Updated: Jan 27
- we can identify six types of conditional clauses: zero, first, second, third + two mixed ones
For the start, let’s repeat what the difference is between 'sentence' and 'clause'.
I will pick you up if you call me.
All the underlined words form a sentence. This sentence consists of two clauses.
The first clause is the main clause.
The second clause is the subordinate clause, in this case marked with a conditional conjunction ‘if’.
If the main clause is written first, a comma is not used to separate these two clauses. However, if the subordinate clause is first, there must be a comma.
If you call me, I will pick you up.
0 THE ZERO CONDITIONAL
If/when + subject + present simple, subject + present simple
when = if
common states or events, facts, general truths, laws, and rules
the situation is real and possible
also used to give instructions with the imperative in the main clause*
If/When we heat ice, it melts.
If/When I need money, I go to the bank.
If/When the sun shines, it is warm.
I don’t eat if/when I am not hungry.
*If your dad comes home, tell him to call me immediately.
*Look at me if I talk to you.
1 THE FIRST CONDITIONAL
If + subject + present simple, subject + will / be going to
possible future states or events
future situations which are real or possible
If I have a chance, I will go on holiday.
If she gives up, she won't get a new job.
If it doesn’t snow, we are not going to the Giant Mountains.
Unless + positive verb form in present simple can be used instead of ‘if not’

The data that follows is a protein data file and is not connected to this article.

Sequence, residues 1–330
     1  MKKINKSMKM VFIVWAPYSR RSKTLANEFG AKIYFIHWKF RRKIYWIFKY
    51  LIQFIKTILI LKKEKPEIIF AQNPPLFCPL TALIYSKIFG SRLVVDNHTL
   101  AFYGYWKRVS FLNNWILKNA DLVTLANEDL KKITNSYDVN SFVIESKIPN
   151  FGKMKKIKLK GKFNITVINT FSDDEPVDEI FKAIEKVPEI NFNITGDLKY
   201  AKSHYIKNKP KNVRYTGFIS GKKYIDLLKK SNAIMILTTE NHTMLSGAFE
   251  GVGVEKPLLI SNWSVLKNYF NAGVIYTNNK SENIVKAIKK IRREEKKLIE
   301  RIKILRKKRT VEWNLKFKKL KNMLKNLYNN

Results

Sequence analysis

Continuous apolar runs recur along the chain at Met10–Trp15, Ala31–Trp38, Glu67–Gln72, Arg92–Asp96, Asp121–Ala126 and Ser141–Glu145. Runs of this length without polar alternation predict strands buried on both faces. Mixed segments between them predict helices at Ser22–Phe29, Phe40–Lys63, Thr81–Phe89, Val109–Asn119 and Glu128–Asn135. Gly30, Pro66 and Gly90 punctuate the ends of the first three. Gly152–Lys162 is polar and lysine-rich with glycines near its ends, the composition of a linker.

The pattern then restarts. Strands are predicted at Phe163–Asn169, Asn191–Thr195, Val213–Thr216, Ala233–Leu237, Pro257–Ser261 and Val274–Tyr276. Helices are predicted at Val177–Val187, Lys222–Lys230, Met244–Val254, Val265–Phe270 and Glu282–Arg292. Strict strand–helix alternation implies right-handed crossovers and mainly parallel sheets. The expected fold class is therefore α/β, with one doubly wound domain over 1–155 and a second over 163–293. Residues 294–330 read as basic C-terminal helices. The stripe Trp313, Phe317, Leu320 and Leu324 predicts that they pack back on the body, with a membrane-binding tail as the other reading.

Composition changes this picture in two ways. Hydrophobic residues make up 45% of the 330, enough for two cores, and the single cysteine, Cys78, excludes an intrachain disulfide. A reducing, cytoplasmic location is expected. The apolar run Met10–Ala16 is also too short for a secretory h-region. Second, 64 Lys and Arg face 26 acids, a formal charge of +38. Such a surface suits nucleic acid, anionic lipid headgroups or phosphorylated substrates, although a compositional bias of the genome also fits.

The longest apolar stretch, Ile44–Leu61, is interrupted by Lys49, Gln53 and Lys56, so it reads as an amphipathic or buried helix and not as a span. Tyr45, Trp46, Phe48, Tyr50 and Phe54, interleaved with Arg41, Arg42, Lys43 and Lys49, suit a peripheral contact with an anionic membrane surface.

Mary won’t come unless you invite her personally.
You won’t pass the exam unless you study hard.
2 THE SECOND CONDITIONAL
If + subject + past simple/continuous, subject + would/could/might/should
unlikely or imaginary (hypothetical) states or events in the present or future
we use I/ he / she / it were (subjunctive) instead of ‘was’ in formal contexts
to give advice we often use: If I were you, I’d …
If I didn't cook, we would be hungry.
If I were you, I would go on holiday.
If Marcel had more money, he would travel around the world.
I would buy a yacht if I were a billionaire.
3 THE THIRD CONDITIONAL
If + subject + past perfect, subject + would/could/might/should + have + past participle
imaginary (unreal) states or events in the past
If I had studied better, I would have enrolled at a better university.
Paula could have stopped by if she had wanted to.
Mark would have helped you if you had asked him.
When you start with the if clause, a comma follows. If it is the other way round and the main clause is at the beginning, there is no comma.
Instead of if, we can also use: if so, given, otherwise and provided (that) /providing that
We don’t use so, which is used in Czech:
Kdybych byla tebou, tak bych mu nevolala. If I were you, so I wouldn’t call him.
Sometimes you can come across sentences that are conditional but look a bit different and do not fit the preceding four types. They might be mixed. We differentiate two types of mixed conditionals:
1) PRESENT RESULT